Dogs like people can suffer musculo-skeletal problems with pain in their backs, neck and pelvis and limbs.
Often the dog’s only way of communicating this is to display changes in personality, character or performance. For example your dog may start having difficulty getting in or out of the car, up or downstairs or onto a favourite chair. He may not want to get out of bed or go for a walk and may show discomfort, growl or whimper when touched or picked up or worse still – bite. If he is a competition dog his performance may suffer causing him to become slower, less supple, knock fences, refuse to jump or sit / lay still. He may not stand squarely and his gait may be affected with shortened or uneven strides which often later can lead to lameness.
Misalignments, muscle tension and soreness can cause various symptoms and the dog will often subtly change his gait to compensate for the problem. The joints involved become stiff and lack their normal range of motion. Ligaments will be put under extra strain, muscles will have reduced elasticity and will be more prone to injury. In addition nerves can become inflamed or impinged causing weakness and muscle wasting.
Problems occur in dogs for many reasons including the following:
- Trauma & Accidents -falls, road traffic accidents, slipping, fighting, playing.
- Repetitive activities – jumping on and off the sofa, in and out of the car, repeatedly running / jumping for a ball.
- Competitions – Agility dogs sudden stopping /starting / tight turns/ jarring). Obedience dogs turning always one way to look up and round at owner. Greyhound / Whippet racing running on tracks in one direction.
- Breed weakness – long back, short legged dogs are prone to disc problems. German Shepherds – Hip dysplasia
- Lameness – for example a dog with arthritis or hip dysplasia can cause the dog to compensate which can develop into secondary areas of soreness and a reduced range of movement.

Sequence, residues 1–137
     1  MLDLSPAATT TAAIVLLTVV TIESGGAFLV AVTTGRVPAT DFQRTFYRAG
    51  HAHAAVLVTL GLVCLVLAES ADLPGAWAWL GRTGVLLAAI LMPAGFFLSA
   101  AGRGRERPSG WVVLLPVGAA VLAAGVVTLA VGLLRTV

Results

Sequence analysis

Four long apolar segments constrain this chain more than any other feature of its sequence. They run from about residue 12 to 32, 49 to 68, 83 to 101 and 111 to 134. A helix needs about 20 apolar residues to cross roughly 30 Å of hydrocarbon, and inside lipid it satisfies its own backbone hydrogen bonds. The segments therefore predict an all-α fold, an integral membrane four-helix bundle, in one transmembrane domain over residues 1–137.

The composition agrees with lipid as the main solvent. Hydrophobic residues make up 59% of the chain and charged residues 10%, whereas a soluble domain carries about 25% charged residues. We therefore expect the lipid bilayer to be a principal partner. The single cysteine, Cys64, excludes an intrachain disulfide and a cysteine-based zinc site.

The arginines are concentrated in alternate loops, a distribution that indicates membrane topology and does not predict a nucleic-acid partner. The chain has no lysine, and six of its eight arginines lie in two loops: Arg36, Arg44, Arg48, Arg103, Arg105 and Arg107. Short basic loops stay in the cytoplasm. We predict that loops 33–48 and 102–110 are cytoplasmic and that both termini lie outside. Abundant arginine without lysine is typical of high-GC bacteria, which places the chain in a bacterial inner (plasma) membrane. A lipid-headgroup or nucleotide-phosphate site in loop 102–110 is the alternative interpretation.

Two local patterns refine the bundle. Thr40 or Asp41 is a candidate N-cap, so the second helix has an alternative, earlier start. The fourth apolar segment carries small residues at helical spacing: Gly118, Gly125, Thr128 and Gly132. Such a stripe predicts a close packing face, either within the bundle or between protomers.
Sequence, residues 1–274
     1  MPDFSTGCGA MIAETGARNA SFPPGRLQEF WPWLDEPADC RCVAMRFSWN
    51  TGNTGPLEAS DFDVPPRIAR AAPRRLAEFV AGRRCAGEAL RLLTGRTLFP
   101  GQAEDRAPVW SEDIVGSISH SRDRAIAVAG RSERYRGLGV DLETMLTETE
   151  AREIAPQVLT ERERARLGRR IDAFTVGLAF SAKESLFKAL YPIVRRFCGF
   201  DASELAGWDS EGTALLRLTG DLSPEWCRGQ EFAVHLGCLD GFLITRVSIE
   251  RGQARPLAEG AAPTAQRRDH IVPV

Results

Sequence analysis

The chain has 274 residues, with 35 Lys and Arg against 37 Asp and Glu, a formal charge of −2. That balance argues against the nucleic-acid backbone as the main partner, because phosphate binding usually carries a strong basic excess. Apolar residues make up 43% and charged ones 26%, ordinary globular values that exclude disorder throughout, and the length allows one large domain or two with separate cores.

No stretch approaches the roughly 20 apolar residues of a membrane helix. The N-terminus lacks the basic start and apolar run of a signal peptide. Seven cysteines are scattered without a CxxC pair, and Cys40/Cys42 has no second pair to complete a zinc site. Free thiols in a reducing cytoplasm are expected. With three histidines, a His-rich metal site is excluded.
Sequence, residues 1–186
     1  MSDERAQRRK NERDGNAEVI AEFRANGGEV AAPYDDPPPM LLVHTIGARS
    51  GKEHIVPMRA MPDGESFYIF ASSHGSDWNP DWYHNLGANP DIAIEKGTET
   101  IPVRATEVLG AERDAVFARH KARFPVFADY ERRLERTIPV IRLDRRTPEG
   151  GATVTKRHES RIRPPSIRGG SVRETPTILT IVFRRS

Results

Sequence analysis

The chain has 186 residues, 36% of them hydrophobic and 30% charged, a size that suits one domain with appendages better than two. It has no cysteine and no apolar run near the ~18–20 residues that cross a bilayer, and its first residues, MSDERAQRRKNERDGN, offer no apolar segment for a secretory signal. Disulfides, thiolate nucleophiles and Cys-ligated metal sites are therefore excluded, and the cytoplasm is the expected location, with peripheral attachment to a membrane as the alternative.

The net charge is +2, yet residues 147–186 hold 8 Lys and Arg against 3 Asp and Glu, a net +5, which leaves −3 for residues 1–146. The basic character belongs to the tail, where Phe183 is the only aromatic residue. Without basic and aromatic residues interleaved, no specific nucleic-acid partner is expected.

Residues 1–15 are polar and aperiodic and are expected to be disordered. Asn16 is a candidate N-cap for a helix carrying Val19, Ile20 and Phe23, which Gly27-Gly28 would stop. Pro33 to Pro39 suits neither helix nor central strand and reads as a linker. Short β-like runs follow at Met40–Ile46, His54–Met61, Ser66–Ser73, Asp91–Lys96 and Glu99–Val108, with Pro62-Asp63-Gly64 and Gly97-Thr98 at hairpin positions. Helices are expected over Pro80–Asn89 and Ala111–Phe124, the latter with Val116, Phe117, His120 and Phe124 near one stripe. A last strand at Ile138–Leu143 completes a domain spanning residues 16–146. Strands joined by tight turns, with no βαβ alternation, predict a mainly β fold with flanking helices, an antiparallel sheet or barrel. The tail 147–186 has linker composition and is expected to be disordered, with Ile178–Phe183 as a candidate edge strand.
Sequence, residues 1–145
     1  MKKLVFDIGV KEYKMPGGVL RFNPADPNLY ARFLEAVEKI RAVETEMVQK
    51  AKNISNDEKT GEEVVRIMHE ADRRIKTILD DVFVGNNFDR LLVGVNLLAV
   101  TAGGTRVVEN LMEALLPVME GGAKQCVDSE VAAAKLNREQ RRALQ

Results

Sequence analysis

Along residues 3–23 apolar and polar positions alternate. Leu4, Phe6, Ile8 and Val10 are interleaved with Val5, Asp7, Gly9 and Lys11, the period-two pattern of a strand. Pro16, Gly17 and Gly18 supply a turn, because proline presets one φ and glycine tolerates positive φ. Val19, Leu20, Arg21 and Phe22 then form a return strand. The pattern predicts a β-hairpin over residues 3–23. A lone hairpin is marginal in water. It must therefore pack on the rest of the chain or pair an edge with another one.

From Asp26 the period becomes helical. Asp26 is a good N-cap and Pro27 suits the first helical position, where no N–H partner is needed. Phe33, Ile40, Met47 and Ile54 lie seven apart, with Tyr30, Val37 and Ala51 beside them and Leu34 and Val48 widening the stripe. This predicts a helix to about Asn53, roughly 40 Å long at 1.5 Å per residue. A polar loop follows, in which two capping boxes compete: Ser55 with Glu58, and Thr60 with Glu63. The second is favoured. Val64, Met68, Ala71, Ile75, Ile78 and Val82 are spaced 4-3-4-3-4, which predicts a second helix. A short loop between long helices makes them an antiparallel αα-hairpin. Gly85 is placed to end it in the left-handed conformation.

- Dental problems.
- Stud & breeding duties.
Appointments for dogs will involve taking a full history and an explanation of the treatment. The dogs gait is analysed and in some circumstances dynamic observation can be videoed and digitally manipulated to show gaits in slow motion. Static assessment is made of the skeleton and muscles of the whole body taking into account asymmetry, joint ranges, misalignments, heat, inflammation and muscle spasm. Susan then uses a unique combination of McTimoney Chiropractic as well as soft tissue and massage techniques to perform a gentle, yet effective treatment suitable for almost any dog including young puppies and the older dog. Post treatment and preventative care advice is given before the end of appointment.
Current legislation means that animals may only be treated when veterinary consent has been given. Susan works very closely with owners vets and has several who refer directly to her. Where necessary if chiropractic treatment does not seem appropriate an animal will be referred back to your vet for further diagnosis, treatment or surgery.